FIG. 6 is a flow diagram of the steps performed by a universal interface component of the present invention to convert legacy database information into the data record format used by a client system.
An automated networked service request and fulfillment system is shown in FIG. 1. The system includes a client system 10, a sponsor system 12, and a mail server system 14 which employs a computer network 16. Service requests are made by entering data into a screen displayed on the client system, which formats the entered data into "service request messages" which are electronically mailed ("e-mailed") to a sponsor system or another client system via the computer network. The recipient of the service request message processes the request, formats the results into a "fulfilled service request message", and e-mails the fulfilled service request message back to the client system that made the request.
The client system 10 is preferably a personal computer (PC) which includes a display device 20 such as a CRT or laptop screen, data entry devices 22 such as a mouse and keyboard, and a directly accessible "local" data storage medium 24, such as a hard disc drive. Client system 10 uses the "WINDOWS" operating system, version 3.1 or greater, or Windows NT, version 3.5 or greater, made by Microsoft Corp. of Redmond, Wash. The client system also includes a network communication interface 26, such as a conventional modem.
The present invention includes software 28 stored on data storage medium 24. Client system 10 executes the instructions making up software 28 to enable a user to create and send service request messages to other, off-site computers such as sponsor system 12, and to receive fulfilled service request messages back from those off-site systems. Software 28 is referred to herein as the "client software".
The invention is particularly well-suited for use in the health care industry. In this context, the client system 10 is typically in a doctor's office, and sponsor system 12 is, for example, at an insurance company, testing lab, or hospital. The kinds of service requests that might be prepared and e-mailed by personnel in the doctor's office include: an order for a specific blood test to be performed at a specific testing lab for a specific patient; a request that a particular medical procedure or referral be authorized by a particular insurance company for a particular patient; a request that a patient be admitted to a local hospital; a request that the eligibility of an individual patient for insurance coverage be verified. For these examples, a sponsor system 12 is located at the site of each of the service providers: at the testing lab, the insurance company, and the hospital. Upon receiving a service request message from client system 10, the service provider performs the requested service: the testing lab performs the requested blood test and produces the test results, the insurance company decides whether or not to provide authorization for a procedure or referral or looks up a patient's eligibility, or the hospital pre-admits the patient pending his arrival.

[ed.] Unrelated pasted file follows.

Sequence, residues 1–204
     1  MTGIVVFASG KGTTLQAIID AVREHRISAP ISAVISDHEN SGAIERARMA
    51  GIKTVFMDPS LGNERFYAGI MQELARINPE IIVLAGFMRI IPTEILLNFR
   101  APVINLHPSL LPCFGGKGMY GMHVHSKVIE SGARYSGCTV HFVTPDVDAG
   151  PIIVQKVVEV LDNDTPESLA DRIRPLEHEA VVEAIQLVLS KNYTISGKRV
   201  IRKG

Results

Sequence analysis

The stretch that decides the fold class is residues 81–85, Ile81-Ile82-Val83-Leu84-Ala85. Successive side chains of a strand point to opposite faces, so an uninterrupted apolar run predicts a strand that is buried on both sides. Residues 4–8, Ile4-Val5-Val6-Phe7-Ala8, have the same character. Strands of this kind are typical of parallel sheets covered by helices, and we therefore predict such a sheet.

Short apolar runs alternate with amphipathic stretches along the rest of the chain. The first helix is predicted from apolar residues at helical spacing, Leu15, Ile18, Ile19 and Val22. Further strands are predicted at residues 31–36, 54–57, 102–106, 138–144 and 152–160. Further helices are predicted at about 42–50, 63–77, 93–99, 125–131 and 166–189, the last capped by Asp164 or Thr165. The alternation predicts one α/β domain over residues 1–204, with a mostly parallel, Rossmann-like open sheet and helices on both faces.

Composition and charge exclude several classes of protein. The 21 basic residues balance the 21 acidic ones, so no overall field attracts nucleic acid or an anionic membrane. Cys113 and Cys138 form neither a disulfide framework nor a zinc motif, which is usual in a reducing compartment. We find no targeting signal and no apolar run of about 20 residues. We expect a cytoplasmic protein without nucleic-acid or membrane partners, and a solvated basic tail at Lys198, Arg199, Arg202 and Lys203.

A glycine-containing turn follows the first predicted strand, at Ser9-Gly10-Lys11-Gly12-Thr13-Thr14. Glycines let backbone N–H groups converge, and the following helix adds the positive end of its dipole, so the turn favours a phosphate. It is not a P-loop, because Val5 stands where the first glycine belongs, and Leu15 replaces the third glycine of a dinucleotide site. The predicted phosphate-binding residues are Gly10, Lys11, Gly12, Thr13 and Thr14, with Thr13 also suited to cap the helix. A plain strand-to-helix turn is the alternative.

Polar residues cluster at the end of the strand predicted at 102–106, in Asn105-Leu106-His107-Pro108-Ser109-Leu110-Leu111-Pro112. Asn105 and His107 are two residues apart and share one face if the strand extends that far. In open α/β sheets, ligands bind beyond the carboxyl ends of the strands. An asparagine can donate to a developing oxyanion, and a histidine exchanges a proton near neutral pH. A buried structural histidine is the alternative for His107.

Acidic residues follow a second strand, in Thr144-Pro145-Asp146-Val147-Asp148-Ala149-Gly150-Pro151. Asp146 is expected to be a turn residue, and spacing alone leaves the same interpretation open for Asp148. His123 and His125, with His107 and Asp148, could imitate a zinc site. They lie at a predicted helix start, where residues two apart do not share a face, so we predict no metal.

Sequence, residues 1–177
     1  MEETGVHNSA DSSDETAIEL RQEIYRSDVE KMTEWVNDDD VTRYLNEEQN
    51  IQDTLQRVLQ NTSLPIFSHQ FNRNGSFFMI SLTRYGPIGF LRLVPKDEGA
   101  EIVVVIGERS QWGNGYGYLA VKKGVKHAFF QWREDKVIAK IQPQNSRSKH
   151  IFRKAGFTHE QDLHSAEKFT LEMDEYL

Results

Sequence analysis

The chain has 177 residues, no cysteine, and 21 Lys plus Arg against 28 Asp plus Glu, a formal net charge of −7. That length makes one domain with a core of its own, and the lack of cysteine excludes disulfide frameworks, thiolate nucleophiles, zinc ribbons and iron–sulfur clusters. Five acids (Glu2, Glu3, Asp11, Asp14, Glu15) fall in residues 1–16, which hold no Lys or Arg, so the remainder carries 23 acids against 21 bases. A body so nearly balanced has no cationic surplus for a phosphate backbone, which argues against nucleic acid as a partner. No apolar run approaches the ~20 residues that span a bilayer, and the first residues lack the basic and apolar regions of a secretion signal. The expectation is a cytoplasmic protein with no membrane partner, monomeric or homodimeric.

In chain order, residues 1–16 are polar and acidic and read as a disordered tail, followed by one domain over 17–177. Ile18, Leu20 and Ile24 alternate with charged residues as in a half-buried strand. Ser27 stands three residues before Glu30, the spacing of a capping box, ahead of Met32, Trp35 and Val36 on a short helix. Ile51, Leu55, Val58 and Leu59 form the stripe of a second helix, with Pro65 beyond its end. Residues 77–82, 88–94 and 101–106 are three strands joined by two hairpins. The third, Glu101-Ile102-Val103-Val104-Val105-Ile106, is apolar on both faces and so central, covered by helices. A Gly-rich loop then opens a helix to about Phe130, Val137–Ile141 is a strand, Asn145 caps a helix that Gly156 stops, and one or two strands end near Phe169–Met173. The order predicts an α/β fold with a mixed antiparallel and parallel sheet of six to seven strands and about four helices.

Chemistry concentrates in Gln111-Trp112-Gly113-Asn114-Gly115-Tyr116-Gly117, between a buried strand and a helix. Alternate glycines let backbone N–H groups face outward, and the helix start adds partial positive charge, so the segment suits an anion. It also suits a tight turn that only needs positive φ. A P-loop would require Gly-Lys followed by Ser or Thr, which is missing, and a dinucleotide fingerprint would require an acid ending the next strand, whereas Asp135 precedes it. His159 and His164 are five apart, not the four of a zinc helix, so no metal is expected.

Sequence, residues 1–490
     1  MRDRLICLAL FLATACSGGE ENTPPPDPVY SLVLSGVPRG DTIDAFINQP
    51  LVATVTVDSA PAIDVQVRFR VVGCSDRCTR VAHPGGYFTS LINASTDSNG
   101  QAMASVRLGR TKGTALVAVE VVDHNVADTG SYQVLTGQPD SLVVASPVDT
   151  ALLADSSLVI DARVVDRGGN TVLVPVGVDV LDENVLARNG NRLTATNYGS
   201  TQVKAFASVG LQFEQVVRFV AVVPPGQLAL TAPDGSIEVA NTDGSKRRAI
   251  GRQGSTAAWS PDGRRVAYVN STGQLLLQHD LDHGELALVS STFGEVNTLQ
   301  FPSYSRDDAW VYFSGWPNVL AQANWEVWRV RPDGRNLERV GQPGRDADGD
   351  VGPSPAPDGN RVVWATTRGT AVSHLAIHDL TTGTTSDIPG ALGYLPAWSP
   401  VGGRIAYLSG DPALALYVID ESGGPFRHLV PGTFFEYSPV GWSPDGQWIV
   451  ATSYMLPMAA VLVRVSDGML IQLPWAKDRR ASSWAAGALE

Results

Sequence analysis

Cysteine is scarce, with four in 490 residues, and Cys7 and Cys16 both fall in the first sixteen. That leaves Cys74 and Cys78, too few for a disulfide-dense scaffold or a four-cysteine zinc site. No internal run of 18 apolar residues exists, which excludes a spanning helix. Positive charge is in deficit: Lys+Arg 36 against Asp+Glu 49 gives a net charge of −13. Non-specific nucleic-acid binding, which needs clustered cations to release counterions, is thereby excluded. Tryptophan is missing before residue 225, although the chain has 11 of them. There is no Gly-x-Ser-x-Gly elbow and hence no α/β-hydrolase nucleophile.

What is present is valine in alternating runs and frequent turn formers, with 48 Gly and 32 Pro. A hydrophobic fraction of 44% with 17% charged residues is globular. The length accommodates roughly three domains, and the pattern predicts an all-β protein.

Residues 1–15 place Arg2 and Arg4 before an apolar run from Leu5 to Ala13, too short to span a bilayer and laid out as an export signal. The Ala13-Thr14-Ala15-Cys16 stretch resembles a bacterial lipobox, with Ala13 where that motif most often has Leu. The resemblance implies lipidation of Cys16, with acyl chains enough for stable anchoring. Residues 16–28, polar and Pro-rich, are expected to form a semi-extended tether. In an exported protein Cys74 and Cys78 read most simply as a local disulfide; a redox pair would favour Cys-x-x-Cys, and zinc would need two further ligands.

The service provider processes the service request by performing the requested service, and the results of the processing, consisting in the above examples of the test results, the authorization decision or eligibility status, or the pre-admission confirmation, are received by the sponsor system and formatted into a fulfilled service request message which is e-mailed back to the original requester.
Though designed and implemented with the health care industry in mind, the invention is not limited to this field. A system as presented herein, with which a client can request and receive specific services from remote providers over a computer network, also finds use, for example, in the financial industry or legal field. A brokerage house could employ a client system, with a financial exchange and/or quotation service as service providers. Requests to buy or sell a certain security on the exchange, or for the current price of a particular investment product, could be made over a computer network with a system as herein described, with a resulting transaction confirmation or price quotation returned to the requester over the network. Similarly, a legal practitioner might order service of process on a particular individual by a process-serving service, or arrange for a court stenographer to be present at a certain time and place, with request and confirmation messages sent over a computer network.